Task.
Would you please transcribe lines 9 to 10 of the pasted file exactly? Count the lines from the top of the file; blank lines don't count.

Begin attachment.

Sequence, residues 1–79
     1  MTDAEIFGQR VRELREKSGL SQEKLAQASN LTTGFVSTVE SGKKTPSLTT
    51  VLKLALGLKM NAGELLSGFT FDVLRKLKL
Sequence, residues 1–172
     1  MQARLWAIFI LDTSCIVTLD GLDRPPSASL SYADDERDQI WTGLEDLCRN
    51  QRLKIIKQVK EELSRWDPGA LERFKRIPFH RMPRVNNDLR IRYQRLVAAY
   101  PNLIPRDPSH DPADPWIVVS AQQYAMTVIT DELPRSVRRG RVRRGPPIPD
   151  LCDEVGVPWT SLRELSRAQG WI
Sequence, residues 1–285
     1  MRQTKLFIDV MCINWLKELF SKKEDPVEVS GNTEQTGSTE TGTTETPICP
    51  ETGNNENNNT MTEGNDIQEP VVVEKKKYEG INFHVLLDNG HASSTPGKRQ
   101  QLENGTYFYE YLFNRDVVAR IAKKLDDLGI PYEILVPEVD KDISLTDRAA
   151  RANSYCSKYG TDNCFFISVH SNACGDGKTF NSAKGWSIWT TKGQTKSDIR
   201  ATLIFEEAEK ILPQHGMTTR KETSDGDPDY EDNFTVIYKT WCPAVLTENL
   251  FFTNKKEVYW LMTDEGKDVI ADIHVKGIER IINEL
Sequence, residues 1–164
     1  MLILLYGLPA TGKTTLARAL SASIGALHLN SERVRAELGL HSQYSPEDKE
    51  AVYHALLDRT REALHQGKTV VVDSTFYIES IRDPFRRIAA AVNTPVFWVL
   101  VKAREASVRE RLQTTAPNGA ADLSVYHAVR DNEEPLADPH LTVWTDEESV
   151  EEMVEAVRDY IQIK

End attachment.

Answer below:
Sequence, residues 1–285
     1  MRQTKLFIDV MCINWLKELF SKKEDPVEVS GNTEQTGSTE TGTTETPICP